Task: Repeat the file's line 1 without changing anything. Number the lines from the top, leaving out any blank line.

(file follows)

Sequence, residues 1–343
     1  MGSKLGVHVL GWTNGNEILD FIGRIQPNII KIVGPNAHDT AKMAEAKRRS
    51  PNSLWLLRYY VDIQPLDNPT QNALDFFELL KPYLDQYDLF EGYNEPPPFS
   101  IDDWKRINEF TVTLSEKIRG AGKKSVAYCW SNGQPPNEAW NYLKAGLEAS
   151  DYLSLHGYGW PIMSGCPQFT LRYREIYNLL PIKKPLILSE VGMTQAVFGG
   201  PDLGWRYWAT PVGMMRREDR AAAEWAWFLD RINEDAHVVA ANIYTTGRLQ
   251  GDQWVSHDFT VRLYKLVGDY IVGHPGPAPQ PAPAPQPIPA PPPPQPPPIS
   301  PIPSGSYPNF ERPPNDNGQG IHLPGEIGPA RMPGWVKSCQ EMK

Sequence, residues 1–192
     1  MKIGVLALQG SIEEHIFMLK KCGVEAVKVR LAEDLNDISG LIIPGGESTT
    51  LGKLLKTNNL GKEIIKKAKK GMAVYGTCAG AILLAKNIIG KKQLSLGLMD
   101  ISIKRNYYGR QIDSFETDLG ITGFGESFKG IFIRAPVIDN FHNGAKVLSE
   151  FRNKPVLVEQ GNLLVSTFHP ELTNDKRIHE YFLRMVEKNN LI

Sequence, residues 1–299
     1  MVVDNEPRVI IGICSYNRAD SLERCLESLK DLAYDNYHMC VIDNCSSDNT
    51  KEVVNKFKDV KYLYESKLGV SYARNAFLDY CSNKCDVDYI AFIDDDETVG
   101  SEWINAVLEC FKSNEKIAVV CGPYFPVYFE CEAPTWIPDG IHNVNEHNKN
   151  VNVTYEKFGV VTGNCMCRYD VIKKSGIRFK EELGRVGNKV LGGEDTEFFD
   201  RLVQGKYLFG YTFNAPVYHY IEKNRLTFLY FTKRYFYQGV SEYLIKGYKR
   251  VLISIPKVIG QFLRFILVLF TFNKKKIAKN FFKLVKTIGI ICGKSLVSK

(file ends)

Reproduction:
Sequence, residues 1–343